In central Illinois, our local farmers have been busy planting with their tractors and equipment. By May, the fields already have a tinge of green. People are planning their home gardens, too. Around our office you hear talk of trying new vegetables and there are more than a couple seed catalogs in the lunchroom. It seems everyone is “itchin’ to grow” something, and planting season is a perfect time to take advantage of a learning opportunity with your children.
Gardening with children can be done in a variety of ways. Maybe you have a vegetable plot already. Kids can help in so many ways: choose seeds, learn when and how to plant different varieties, plant, water as needed, pull weeds, watch for insect damage, keep a journal recording their observations (was the corn knee high by the 4th of July?) and of course, help harvest and then cook/can/freeze the bounty. You might want to keep this journal so your children can add to it year by year. You can make comparisons of planting times, growth, problems and how plentiful your harvest was per plant.
You don’t have to plant an acre of tomatoes and can them; make sauce, juice, salsa, ketchup or whatever else to get a full gardening experience. It can be fun to grow seeds in a window and plant them in the ground or a patio pot later on. All you need to get started is a clear plastic container with a lid such as those from a deli. Make sure there are some drainage holes in the bottom and place something under it to catch any mess.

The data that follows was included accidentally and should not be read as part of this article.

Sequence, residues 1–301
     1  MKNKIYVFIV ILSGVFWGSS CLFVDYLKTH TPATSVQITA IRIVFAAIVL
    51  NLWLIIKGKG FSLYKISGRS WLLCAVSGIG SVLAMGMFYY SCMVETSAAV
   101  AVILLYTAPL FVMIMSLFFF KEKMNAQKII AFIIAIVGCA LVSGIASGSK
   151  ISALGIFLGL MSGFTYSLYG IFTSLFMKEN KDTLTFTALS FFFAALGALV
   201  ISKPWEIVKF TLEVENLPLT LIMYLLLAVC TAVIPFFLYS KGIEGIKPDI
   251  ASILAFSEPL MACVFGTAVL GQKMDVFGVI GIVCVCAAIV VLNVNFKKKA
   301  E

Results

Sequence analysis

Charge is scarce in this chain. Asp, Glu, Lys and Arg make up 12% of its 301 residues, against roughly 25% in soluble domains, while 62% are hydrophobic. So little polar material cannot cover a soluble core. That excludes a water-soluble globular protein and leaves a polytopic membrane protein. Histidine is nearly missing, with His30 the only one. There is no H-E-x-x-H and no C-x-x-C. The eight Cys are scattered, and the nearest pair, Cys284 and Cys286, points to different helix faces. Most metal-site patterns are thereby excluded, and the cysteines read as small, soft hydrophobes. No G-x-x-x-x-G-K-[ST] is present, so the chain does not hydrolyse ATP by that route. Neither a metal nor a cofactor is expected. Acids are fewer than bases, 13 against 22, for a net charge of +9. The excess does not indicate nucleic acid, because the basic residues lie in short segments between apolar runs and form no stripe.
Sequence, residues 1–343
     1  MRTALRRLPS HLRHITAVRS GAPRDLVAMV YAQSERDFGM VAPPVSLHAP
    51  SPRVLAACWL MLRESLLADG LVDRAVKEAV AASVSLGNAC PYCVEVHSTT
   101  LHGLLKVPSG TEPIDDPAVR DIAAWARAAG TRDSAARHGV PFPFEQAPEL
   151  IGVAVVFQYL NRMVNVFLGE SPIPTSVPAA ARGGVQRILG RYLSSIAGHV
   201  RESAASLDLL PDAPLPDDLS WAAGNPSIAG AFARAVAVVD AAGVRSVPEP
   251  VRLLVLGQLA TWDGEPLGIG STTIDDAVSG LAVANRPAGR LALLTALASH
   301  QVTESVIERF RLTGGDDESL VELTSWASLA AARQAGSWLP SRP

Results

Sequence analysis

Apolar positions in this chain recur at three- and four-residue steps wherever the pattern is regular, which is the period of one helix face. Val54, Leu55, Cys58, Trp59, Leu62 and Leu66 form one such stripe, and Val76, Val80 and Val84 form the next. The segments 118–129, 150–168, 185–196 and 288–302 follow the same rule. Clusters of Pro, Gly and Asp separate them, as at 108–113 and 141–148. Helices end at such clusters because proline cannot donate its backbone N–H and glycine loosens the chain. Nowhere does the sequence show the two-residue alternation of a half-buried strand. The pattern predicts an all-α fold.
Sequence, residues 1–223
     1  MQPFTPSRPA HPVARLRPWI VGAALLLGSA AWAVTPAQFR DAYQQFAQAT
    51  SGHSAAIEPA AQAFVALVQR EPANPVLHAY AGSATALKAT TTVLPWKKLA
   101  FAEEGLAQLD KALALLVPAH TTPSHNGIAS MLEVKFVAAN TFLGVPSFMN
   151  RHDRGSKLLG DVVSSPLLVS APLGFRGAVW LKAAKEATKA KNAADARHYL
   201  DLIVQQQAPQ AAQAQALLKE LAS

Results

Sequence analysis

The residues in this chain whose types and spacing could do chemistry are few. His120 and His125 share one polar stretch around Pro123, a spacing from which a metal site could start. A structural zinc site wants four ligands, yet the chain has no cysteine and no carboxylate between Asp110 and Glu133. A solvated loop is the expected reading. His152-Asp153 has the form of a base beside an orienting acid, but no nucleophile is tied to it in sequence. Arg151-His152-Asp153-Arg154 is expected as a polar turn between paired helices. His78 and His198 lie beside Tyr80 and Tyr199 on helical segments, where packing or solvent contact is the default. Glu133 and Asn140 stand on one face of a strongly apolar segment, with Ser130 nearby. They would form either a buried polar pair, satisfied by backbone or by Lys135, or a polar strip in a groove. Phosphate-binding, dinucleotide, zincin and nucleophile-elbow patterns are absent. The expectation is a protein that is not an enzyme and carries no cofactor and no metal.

Let’s use that plastic container to grow some tomatoes. Decide if you want cherry or grape tomatoes to munch on or would you rather have a juicy BLT sandwich tomato come summer? Have the kids help you select a packet of seeds.
Start the seeds 6-8 weeks before your local spring frost date. In central Illinois, this is May 15th, so I would start my seeds mid/late March. If you start them later, you will have tomatoes later in the summer: no problem! There will be directions on your seed packet. This is not the time to improvise; follow these closely.
Place the container (with the lid on) in a warm spot. They should germinate in a week. Observe the baby leaves and watch for them changing into true tomato leaves (about day 30.) Students can draw these different leaves in their observation journals. You won’t use the lid when you now place the container in a sunny window or you will cook your baby plants. Pull out all but 2-3 plants.
When it warms up, you will move the container outside to harden off your tomatoes before you actually place one in a pot for the summer. To plant your seedling, get a big container of soil, ready a hole, gently remove the lower couple branches and place it into its new home up to the leafy growth. The stem will grow roots below the surface. Children can draw what they think the tomato plant will look like below the soil. Water it in. It will need support, which can be a wire cage, metal spiral, a bamboo teepee, or even branches you collect.
In the process of choosing what to grow, planting seeds, caring for the seedlings (maybe even naming them!) transplanting and watching them produce fruit, your children have observed a growth cycle from beginning to end. In keeping the journal, they are thinking about what they did that day, measuring, using topic-specific vocabulary, practicing handwriting and sentence structure, and even drawing pictures. You basically just did a little unit study by growing a few seeds! Pat yourself of the back! Oh, and bon appétit y’all!